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   Wednesday, December 19 2018 
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Poker Strategy


Common Beginers Poker Mistakes



  1. Betting out of turn.
    You must wait until the player to your right acts. If you bet out of turn this could give an unfair advantage to a player that did not act yet. If you raise out of turn a player that might had called could fold. Or if you fold out of turn you are giving an advantage to the player on your left who now knows you won't raise.

  2. Not knowing what the bet is.
    You have to know what the bet is when it is your turn. After the turn in a limit game the bets are double the amount they were before and after the flop. You must also be aware if the bet was raised.

  3. Folding instead of checking.
    Sometimes if the player does not like the flop or turn he will immediately fold when it is his turn. If you are first to act you can check. If everyone else checks, you get to see the next card for free. The same is true if everyone checks before it is your turn, you should also check. The free card may just make your hand.

  4. Throwing chips into the pot.
    Place your bet in front of you. This way the dealer sees that your bet is correct. He will scoop them into the pot.

  5. Not protecting your cards.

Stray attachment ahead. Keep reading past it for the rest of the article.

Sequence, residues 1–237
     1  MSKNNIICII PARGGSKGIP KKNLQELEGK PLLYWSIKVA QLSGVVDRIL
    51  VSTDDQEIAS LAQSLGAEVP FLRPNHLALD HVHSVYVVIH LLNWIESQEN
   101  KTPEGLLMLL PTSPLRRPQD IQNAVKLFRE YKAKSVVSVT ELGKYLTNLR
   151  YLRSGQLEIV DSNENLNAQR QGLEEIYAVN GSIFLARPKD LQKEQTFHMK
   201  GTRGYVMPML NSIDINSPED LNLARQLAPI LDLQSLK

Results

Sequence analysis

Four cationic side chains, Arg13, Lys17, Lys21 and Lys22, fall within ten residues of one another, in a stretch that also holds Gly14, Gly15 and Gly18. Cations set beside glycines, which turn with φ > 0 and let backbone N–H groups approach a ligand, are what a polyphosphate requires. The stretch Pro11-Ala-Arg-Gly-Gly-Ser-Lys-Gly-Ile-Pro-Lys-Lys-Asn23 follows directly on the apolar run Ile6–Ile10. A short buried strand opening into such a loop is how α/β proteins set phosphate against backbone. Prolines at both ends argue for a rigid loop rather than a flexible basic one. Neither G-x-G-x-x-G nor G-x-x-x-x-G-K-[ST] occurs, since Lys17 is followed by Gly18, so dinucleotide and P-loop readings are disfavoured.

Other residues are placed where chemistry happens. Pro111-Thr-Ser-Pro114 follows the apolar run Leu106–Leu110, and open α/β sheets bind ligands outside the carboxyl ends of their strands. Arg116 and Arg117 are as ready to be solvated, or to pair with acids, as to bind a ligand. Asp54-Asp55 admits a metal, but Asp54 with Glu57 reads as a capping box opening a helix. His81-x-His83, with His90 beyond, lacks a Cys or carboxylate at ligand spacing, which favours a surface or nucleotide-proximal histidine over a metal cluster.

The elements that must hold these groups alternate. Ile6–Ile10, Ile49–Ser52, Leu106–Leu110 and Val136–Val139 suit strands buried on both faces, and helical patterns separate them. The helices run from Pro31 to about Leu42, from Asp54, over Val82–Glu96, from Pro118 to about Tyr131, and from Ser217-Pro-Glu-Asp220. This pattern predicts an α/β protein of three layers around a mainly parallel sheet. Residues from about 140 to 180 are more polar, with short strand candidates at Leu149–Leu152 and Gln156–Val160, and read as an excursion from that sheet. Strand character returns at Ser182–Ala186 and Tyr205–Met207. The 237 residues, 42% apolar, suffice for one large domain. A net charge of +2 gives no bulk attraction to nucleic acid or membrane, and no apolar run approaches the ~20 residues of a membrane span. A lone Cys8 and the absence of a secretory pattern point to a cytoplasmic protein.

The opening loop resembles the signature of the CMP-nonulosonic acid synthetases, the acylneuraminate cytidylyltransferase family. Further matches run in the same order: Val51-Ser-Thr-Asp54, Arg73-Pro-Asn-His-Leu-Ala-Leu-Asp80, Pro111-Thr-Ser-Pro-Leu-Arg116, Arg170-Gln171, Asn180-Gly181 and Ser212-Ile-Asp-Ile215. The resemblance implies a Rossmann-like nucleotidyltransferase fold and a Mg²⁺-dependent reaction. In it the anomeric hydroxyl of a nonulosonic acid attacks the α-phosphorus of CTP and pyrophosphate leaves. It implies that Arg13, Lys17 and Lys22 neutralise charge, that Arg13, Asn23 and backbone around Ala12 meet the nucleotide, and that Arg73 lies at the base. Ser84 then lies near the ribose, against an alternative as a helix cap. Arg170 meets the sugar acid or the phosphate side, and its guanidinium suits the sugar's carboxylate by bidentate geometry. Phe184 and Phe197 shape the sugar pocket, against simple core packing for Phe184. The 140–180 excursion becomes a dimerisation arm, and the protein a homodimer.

Place your hands or a chip on top of your cards. If another player's cards mix with yours when they throw in their cards your hand will be declared dead.

  6. Throwing a winning hand into the muck. (Discards)
    The cards speak for themselves. Don't immediately throw in your cards if someone calls out a better hand. The dealer will declare the winner of the hand. If you missed a better hand than you thought you had you might just be the winner.

  7. Not controlling your emotions.
    Keep your emotions in check. The table is not the place for foul language or temper tantrums. It will not be tolerated. Besides it makes you look foolish. Veteran players as well as new comers occasionally make this mistake.

More Hold'em Excellence: A Winner for Life
The same losing plays are frequently repeated even when players should know better. In fact, some players repeat them even when they do know better. Players frequently seem to have more fun making the wrong play than the right one, especially when that long-shot gamble just happens to pan out. Perhaps it heightens one's sense of action by expanding and enriching that most sublime of thrills: gambling and winning - against the odds.

A recreational player I know - let's call him Fred- makes the same common mistake with maddening regularity. Although he has discussed this with me on more than one occasion, he persists in making the same play time and time again.

Since situations like this comes up all the time in hold'em, it's a very instructive one. Fred was in late position, heads up on the turn against Michael, a better-than-average player, who called the blinds from third position. There had been no prior raises, and both blinds folded when Fred bet on the flop.

Fred was holding Qh-9h. The flop was Qd-8c-7s. The turn card was the 7d. His opponent checked. Fred bet, Michael folded, and Fred won a small pot.

Twenty minutes later an almost identical situation involving Fred and Michael occurred. This time Fred was in seventh position and called an unraised pot with Qc-10c. The flop brought Qh-7s-5c. The blinds and Michael checked. Fred bet, the blinds folded and Michael called. This time the turn card was 3h. Once again Michael checked and Fred bet. Michael didn't throw his hand away this time. He raised. Fred called the raise along with a subsequent bet on the river, only to find himself looking at Michael's set of sevens.